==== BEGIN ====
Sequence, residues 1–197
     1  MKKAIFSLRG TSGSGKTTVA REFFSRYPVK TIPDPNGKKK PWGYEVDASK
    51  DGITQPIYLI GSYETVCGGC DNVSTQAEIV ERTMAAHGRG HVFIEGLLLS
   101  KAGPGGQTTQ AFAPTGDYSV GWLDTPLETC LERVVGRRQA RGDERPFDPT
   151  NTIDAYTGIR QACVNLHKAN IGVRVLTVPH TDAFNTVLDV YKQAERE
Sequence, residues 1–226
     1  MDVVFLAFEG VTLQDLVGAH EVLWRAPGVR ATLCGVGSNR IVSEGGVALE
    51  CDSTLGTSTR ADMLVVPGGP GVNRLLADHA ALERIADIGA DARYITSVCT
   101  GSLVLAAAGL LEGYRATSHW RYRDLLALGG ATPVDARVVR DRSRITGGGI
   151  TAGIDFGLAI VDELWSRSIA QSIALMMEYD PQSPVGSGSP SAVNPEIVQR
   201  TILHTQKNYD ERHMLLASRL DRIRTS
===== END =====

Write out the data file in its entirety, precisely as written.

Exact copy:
Sequence, residues 1–197
     1  MKKAIFSLRG TSGSGKTTVA REFFSRYPVK TIPDPNGKKK PWGYEVDASK
    51  DGITQPIYLI GSYETVCGGC DNVSTQAEIV ERTMAAHGRG HVFIEGLLLS
   101  KAGPGGQTTQ AFAPTGDYSV GWLDTPLETC LERVVGRRQA RGDERPFDPT
   151  NTIDAYTGIR QACVNLHKAN IGVRVLTVPH TDAFNTVLDV YKQAERE
Sequence, residues 1–226
     1  MDVVFLAFEG VTLQDLVGAH EVLWRAPGVR ATLCGVGSNR IVSEGGVALE
    51  CDSTLGTSTR ADMLVVPGGP GVNRLLADHA ALERIADIGA DARYITSVCT
   101  GSLVLAAAGL LEGYRATSHW RYRDLLALGG ATPVDARVVR DRSRITGGGI
   151  TAGIDFGLAI VDELWSRSIA QSIALMMEYD PQSPVGSGSP SAVNPEIVQR
   201  TILHTQKNYD ERHMLLASRL DRIRTS